As educators, we can use the core principles of the Transformative Learning Theory to design more effective learning experiences. Our duty is to provide students with opportunities where their existing beliefs and assumptions are challenged. We also need to ensure that they have a safe space where they can share their thoughts and experiences. The teacher’s role is to be a facilitator and guide, helping the students identify and discuss the assumptions and biases that influence their worldview.
For students, the Transformative Learning Theory teaches us to always keep an open mind. We need to learn how to view things from different perspectives and reflect on them, asking probing questions and analyzing our previous understanding. With transformative learning, we can practice freedom of thought and even obtain personal growth.
Connectivist Learning Theory
Compared to other learning theories, the Connectivist Learning Theory is a relatively new concept. It was first introduced in 2005 by George Siemens and Stephen Downes in response to the modern learning landscape. According to this theory, “knowledge is distributed across a network of connections, and therefore that learning consists of the ability to construct and traverse those networks.”
What does that mean? In layman’s terms, learning occurs through the sharing of ideas, opinions, and resources. Simply put, it is our interactions with others that promote learning. Thanks to technology, we can easily connect with various sources of ideas and knowledge – people, organizations, and communities. According to the Connectivism Learning Theory, the more connections a person has, the easier it is for him to acquire knowledge.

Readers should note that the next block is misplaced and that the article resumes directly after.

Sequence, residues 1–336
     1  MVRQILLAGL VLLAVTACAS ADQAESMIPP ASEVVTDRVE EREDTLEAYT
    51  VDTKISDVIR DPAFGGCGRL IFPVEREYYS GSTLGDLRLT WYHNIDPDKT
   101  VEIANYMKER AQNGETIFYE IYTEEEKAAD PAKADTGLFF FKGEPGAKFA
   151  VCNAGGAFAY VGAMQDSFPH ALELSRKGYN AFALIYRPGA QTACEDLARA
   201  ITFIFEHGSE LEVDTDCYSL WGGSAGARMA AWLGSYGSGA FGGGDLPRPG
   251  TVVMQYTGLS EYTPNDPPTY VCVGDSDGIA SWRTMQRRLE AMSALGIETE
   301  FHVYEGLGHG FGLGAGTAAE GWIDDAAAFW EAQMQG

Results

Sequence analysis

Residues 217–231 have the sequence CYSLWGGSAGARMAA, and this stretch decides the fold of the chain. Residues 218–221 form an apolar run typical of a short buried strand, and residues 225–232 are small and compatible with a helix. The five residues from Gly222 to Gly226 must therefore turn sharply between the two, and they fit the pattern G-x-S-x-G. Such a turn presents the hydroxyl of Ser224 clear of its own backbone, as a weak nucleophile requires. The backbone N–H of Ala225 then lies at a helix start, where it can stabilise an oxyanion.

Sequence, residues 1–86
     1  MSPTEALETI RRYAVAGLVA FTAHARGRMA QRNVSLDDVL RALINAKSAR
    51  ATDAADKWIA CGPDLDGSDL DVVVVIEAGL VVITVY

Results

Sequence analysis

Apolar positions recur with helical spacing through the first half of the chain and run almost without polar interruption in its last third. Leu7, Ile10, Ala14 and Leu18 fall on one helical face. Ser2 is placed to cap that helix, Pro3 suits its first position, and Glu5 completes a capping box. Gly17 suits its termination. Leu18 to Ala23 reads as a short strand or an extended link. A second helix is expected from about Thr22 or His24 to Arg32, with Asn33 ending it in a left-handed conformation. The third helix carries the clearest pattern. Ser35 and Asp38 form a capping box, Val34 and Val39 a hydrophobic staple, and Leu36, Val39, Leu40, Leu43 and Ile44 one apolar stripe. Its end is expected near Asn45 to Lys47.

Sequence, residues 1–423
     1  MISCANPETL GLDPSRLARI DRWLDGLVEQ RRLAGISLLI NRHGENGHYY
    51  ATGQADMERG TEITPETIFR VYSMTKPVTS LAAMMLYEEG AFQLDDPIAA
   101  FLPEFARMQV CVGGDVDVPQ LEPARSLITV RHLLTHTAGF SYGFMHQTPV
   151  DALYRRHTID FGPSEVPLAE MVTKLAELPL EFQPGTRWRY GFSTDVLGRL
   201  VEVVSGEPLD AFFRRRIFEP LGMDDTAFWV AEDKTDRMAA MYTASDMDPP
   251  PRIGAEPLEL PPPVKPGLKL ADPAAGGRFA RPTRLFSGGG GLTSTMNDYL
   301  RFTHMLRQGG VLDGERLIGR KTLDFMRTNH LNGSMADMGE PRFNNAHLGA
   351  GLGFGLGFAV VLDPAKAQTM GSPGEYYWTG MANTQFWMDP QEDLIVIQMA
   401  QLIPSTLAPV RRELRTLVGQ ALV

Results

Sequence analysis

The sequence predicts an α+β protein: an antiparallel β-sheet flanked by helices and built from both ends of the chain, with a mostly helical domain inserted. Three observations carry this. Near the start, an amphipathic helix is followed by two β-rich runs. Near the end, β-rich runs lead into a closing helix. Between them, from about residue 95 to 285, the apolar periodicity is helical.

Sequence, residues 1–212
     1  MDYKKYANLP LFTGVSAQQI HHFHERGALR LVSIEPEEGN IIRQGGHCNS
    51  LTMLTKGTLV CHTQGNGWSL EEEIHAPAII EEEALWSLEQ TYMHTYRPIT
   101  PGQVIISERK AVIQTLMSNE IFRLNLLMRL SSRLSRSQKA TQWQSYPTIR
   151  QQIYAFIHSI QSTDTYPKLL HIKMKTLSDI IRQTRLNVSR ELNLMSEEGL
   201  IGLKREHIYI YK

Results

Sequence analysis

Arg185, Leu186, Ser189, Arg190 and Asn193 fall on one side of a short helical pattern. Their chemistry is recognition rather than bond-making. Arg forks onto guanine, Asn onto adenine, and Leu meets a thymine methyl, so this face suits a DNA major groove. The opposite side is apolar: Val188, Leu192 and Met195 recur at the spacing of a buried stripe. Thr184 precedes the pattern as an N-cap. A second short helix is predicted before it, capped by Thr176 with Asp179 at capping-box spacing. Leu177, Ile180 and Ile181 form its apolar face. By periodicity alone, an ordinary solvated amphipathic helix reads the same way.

This theory is already in practice in classrooms today, though we might not be aware of it. The teacher and all the students can each be considered a source. After all, we all have knowledge that we can share. In class, the students can connect with the teacher and their classmates to exchange information, forming a network of knowledge within that group. Everyone is an active participant in their own learning process.
Outside of the classroom, each person is also connected to other sources – larger networks of knowledge such as online communities, blogs, and forums. Because technology has allowed us to stay connected to so many varied sources of knowledge, we can pick and choose what we learn, how we learn, and where we learn.
How do we put the Connectivism Learning Theory into practice? Unlike traditional teaching techniques, connectivism emphasizes student-centered learning. Educators act as facilitators, leveraging digital tools and online resources to create opportunities for students to expand their learning networks. Some examples include using social media for brainstorming and discussions among students, apps like Khan Academy that gamify learning, and online simulations to help students put their learning into practice.
Students, on the other hand, can be more proactive in their learning. They can create more learning opportunities that are aligned with their interest and preferences by leveraging technology. Connectivism teaches us that while learning is personal, it is not an individualistic activity. It is through the sharing of knowledge with others that we can truly thrive.
Cognitive Learning Theory